Caoimhín Kelleher ‘in a good position’ to change goalkeeping hierarchy

Bazunu’s misfortune offers Liverpool man a chance to impress against Belgium

Caoimhín Kelleher in Republic of Ireland training. Stephen Kenny has previously said it is beautiful to watch him. Photograph: Dan Sheridan/Inpho

Besides the friendly collie who invaded Ireland’s Thursday press conference, it has been a flat, scandal-free build-up to the visit of a Belgium squad only half interested in the FAI’s centenary celebrations at the Aviva Stadium this Saturday.

These being the weeks and months when excitement begins to build around qualified nations for the November World Cup in Qatar, at least the best “number two goalie” on the planet will present himself before an expected full house.

Alongside Belgium resting their Champions League glitterati, Ireland have their own withdrawals as arguably the spine of the team for the next decade – Adam Idah, Andrew Omobamidele and Gavin Bazunu – are laid low by injury and illness.

This does provide an opportunity for the man who might already be king, if given the opportunity to save a Cristiano Ronaldo penalty last September. In all likelihood, Caoimhín Kelleher would have etched his no-nonsense Cork demeanour into the public conscious had he, rather than Bazunu, denied Ronaldo on the Algarve before producing a level of dexterity against Serbia that Shay Given only managed in a handful of his 134 caps.


With Mark Travers forced back to Bournemouth earlier this week, where the 22-year-old has been in superb form, the scene is set for Kelleher to unveil what anyone watching the Carabao Cup already knows; the Irish management has a real problem on their plate over the next 15 years.

Bazunu or Kelleher, Kelleher or Travers, Bazunu or Travers are all legitimate debates at the midway point of superlative drenched campaigns for goalkeepers that are separated by three tiers of English football.

“Alisson Becker is the best goalie in the world for me,” said Liverpool manager Jurgen Klopp after Kelleher thumped home the winning penalty against Chelsea to secure the league cup in February. “There are other good goalkeepers out there but this goalie is absolutely insane. But, to be honest, for me, Caoimhín Kelleher is the best number-two goalie in the world.”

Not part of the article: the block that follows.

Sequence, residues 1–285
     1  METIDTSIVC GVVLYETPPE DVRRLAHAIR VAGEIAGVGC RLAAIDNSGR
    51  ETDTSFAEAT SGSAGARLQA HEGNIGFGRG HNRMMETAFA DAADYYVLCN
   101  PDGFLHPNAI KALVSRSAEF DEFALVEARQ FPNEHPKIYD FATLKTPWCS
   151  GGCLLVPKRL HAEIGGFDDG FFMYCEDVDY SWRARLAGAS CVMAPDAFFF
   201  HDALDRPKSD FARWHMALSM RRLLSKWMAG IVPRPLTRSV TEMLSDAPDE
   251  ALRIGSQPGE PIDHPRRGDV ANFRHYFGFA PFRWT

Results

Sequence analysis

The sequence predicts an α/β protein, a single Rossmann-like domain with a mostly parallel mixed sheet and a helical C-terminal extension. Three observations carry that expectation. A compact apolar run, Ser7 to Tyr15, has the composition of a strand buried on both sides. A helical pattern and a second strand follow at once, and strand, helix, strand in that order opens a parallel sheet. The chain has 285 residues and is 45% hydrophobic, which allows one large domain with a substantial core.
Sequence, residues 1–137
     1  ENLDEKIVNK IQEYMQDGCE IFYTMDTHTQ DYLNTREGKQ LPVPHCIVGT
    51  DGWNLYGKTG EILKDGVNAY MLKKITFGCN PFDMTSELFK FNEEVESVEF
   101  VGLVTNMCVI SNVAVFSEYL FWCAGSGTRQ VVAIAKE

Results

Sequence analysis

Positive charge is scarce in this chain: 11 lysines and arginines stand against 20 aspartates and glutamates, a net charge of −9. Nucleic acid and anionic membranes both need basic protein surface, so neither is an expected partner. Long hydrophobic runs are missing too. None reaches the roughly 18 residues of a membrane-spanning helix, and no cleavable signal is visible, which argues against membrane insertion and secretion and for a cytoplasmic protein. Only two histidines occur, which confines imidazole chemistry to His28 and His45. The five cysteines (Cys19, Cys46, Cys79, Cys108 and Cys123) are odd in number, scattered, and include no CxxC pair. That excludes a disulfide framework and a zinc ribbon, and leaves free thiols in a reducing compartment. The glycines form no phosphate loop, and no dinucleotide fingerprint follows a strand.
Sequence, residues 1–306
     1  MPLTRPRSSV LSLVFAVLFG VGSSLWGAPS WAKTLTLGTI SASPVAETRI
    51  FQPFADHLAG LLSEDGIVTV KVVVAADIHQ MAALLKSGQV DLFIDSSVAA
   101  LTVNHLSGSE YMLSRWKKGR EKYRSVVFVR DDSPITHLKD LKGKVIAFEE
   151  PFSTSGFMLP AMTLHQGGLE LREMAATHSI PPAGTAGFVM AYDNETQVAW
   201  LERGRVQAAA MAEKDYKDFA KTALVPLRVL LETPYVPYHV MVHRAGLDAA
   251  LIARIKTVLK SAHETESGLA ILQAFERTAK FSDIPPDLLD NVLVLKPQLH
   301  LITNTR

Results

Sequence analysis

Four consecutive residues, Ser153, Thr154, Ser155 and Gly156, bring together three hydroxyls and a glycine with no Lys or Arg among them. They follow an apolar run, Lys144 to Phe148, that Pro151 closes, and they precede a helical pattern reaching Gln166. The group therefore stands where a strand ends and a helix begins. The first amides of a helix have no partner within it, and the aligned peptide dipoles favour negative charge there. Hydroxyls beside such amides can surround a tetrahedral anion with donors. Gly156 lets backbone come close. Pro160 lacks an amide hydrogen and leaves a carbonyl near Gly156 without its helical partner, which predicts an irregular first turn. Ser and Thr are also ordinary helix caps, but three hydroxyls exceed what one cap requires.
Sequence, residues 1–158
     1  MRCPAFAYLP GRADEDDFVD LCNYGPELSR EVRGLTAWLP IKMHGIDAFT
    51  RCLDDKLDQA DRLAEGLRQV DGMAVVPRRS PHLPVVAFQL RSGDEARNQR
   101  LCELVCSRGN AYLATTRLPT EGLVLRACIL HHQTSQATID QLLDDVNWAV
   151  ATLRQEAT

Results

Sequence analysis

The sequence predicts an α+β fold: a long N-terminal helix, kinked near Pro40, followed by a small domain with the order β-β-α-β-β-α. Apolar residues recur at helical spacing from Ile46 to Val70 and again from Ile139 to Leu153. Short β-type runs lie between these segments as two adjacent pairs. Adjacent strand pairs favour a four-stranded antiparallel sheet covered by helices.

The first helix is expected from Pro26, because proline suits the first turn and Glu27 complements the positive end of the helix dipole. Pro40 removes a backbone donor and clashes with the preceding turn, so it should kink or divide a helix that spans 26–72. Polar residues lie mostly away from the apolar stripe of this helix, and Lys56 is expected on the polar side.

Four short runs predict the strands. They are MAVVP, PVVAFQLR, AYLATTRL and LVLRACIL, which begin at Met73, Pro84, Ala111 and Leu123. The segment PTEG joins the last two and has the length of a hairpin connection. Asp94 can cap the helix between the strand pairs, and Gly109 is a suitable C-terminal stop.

Lavish and welcome praise from the 23-year-old’s manager, but there is growing evidence that when these words rung true, Klopp will need to make a decision. Alisson is only 29, so the only way Kelleher can really enhance an already established reputation as a spectacular shot stopper and competent ball player, is on the international stage.

This starts with a clean sheet as 51,700 fans lose their mind over saves comparable to Bazunu against Serbia last year or Jean-Marie Pfaff’s stellar interventions when Belgium visited Lansdowne Road in 1987. Because nothing short of supreme excellence can ignite an inevitable debate about Kelleher or Bazunu.

“Caoimhín is in a good position now, he needed a bit of luck,” said Shane Duffy, the Brighton pillar cemented in front of recent Irish goalkeepers. “Gavin has performed unbelievably for us and he’s going to be missed but football is about taking chances. Hopefully Caoimhín will come in and do what he does for Liverpool. We are a bit lucky in that position.”

With Lithuania to follow next Tuesday, Kelleher has 180 minutes to turn the tables on Bazunu, who may return for the Nations League in June demoted to number two in a saga that has only just begun.

Stephen Kenny on the Ireland goalkeepers . . .


“Caoimhín, you would never underestimate him, he played for me on the under-21 team in 10 of the 12 internationals. He was the one who played most for me. He is laconic, very laid back and nearly makes goalkeeping an art form. It is beautiful to watch him. Aesthetically, he is amazing to watch, and I don’t think I have ever said that about a goalkeeper. Such style and composure under pressure.”


“Mark would have been a pro-golfer had he not been a goalkeeper. He was brilliant apparently. He has that temperament, he is so consistent. He has a massive frame at 6ft 4in or 6ft 5in. He is difficult to beat, he is athletic. He has improved with his feet and that was a criticism. It was not that he was bad with his feet, it was just that the other two were just so exceptional and he wasn’t as good with his distribution. So he has definitely improved this.”


“When you meet Gavin for the first time in a group, he is a leader and has leadership qualities. He is just someone who carries himself with this sort of aura, he would have done well in life whatever he had done. He has a presence, a sort of unflappable nature that is incredible for one so young. He has obvious inbuilt character traits that give you the capacity to give away a penalty but then save it in the same vein.”